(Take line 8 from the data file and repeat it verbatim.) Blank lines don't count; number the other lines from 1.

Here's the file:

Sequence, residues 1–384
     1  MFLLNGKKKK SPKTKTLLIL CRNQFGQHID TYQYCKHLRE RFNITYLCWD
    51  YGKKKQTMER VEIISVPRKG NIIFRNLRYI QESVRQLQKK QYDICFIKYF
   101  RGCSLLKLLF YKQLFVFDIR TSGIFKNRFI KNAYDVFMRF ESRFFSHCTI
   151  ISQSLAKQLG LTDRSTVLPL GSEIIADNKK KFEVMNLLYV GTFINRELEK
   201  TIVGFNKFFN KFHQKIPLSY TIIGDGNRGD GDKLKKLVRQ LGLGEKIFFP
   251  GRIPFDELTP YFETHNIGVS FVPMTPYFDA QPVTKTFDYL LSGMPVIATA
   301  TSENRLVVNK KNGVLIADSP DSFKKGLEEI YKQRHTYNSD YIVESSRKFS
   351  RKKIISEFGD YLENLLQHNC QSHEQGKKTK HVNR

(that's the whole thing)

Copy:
   301  TSENRLVVNK KNGVLIADSP DSFKKGLEEI YKQRHTYNSD YIVESSRKFS